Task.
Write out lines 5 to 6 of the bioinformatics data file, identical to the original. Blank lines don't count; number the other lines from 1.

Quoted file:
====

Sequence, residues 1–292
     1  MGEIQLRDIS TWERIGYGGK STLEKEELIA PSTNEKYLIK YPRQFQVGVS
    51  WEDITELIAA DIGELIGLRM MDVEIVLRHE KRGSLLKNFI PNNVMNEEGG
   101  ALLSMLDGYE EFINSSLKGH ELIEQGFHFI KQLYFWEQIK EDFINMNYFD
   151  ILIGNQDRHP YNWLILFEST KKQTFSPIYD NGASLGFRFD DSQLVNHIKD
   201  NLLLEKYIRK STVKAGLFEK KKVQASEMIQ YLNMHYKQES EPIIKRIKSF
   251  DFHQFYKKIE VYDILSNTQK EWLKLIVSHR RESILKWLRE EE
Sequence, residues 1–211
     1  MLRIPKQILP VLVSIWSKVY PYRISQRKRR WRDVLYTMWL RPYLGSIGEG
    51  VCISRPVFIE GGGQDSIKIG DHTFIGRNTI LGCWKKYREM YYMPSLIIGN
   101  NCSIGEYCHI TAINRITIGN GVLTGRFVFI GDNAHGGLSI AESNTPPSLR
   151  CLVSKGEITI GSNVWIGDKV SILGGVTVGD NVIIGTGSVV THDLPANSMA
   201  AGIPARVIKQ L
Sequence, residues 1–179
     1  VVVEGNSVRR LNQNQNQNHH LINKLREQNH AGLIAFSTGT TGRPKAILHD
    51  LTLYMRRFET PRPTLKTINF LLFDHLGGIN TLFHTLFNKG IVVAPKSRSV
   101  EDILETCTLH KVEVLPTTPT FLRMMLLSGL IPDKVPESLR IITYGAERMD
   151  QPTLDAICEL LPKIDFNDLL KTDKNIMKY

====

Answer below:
   151  ILIGNQDRHP YNWLILFEST KKQTFSPIYD NGASLGFRFD DSQLVNHIKD
   201  NLLLEKYIRK STVKAGLFEK KKVQASEMIQ YLNMHYKQES EPIIKRIKSF